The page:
The Change I Want to Bring to the World
2021 was the worst year for abortion rights since Roe v. Wade was ruled upon in 1973. Recently, it has become apparent Roe v. Wade may be overturned altogether. Anti-abortion, anti-reproductive health, anti-woman legislation has left so many women in our country stranded without safe options. I have witnessed many of the people I love struggle to find reliable reproductive healthcare and have experienced firsthand the devastation and hopelessness women can feel when confronting a system that is not designed to help us.
I would like to help change the way women are treated in our healthcare system. I want to work to ensure women in this country have access to good, compassionate reproductive healthcare and are treated as humans throughout the process. I am interested in tackling this issue either from the policy side or from the counseling and care side. Regardless of my role in the system, my goal is to change the way women’s reproductive health is treated in the US and for my future daughters and granddaughters to feel their health is taken seriously.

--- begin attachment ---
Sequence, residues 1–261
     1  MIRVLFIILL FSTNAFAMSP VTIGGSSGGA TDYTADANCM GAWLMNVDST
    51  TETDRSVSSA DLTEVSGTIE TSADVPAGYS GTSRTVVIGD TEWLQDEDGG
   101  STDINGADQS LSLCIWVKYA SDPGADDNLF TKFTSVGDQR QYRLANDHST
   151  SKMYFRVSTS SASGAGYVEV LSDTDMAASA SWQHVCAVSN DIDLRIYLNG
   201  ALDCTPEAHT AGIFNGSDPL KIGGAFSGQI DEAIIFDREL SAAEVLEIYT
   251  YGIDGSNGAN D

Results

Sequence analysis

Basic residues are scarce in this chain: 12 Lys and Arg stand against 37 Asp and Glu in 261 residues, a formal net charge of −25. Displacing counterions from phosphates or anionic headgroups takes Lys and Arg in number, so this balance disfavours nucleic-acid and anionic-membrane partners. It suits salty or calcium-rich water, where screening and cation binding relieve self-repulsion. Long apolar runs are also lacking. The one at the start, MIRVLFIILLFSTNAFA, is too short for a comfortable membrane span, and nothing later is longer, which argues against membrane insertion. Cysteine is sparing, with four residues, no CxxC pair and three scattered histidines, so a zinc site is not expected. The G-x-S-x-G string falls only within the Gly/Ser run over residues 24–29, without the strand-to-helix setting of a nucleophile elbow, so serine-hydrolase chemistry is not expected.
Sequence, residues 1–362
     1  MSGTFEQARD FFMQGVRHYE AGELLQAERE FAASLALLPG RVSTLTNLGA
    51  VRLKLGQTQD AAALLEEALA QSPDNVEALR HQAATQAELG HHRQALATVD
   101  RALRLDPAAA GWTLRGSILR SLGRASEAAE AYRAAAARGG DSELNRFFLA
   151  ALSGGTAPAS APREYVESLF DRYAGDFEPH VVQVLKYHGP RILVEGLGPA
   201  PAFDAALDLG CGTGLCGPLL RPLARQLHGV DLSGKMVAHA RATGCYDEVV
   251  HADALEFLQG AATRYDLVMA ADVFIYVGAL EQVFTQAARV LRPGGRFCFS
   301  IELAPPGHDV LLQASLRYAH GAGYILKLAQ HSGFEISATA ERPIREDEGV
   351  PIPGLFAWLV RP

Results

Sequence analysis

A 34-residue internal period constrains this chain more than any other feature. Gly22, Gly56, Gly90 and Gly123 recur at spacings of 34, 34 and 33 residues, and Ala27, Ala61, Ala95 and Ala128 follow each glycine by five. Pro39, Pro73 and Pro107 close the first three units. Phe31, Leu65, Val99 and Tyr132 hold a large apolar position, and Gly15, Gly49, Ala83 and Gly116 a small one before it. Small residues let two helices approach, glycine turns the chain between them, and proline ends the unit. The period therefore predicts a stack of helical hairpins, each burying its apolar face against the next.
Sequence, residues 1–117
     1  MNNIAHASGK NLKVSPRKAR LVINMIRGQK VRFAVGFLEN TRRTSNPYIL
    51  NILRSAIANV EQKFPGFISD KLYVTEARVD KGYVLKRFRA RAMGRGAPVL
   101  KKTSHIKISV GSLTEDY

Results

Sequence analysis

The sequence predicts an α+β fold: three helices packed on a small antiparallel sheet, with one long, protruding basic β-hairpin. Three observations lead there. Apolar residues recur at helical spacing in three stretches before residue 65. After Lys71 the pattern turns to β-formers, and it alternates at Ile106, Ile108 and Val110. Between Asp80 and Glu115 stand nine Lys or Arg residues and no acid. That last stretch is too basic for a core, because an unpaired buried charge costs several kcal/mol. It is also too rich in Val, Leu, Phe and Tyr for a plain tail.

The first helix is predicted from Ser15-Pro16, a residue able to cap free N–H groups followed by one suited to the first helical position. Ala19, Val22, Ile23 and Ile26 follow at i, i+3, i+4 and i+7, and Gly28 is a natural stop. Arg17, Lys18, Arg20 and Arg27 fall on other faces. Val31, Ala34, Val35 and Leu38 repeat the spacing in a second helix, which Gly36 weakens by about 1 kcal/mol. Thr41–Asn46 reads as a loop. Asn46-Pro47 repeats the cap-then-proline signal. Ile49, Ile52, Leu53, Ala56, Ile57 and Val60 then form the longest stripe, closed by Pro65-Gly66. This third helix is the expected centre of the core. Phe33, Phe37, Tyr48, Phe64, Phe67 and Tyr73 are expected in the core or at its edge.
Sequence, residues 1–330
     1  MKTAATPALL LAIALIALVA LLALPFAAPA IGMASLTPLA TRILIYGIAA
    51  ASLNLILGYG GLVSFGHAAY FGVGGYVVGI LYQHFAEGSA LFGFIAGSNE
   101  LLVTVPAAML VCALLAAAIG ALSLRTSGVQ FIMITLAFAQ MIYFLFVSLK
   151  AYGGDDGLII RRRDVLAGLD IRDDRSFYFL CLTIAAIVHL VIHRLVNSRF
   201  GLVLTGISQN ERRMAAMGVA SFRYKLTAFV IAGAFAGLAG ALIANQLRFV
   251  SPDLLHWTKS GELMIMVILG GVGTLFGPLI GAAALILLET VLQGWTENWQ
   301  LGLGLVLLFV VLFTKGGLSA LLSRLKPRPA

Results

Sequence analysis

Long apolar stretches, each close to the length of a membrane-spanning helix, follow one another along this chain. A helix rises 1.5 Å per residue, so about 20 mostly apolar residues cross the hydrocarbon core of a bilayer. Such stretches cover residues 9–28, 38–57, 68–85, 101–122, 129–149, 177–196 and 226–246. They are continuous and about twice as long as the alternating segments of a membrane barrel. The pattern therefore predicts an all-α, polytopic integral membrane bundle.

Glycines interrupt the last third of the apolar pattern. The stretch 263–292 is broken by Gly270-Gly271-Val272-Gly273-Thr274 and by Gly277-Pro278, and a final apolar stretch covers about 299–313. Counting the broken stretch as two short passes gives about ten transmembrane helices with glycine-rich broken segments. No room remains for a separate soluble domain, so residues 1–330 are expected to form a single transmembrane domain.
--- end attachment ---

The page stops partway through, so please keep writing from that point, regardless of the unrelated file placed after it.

How I’ve Been Involved in Changemaking So Far
I have loved being the president of the Campus Ministry Student Forum at Georgetown because it has given me the opportunity to facilitate meaningful interreligious dialogue and cooperation between the various student-run faith groups on campus. It has been both challenging and rewarding taking on this position and seeing the newfound interreligious collaboration and understanding that comes from having difficult conversations surrounding people’s most central beliefs.
What Drew Me to This Fellowship
Becoming a college student in the midst of multiple crises–political, climatic, and health-related–has clarified for me how important it is to have a positive impact in the work I do. I can no longer imagine myself being satisfied in a job in which I cannot directly see how my work contributes to the greater good and helps people, places, or creatures in need. At America’s elite universities, students are often taught that social impact work cannot be synonymous with career success and financial stability. This narrow-minded career pedagogy does students (and our future world) an immense disservice.
At school, I have received very little of the training the Mentora Youth Changemaker Fellowship provides. The opportunity to work and to learn in a cohort of like-minded students who are equally as dedicated to creating positive change as I am, in addition to working on an Inner Mastery|Outer Impact change project would be an invaluable experience, one that I wish I could have found within my academic cohort at Georgetown. Upon completion, I hope to feel I have the skills and experience to enter my career as an effective and capable changemaker.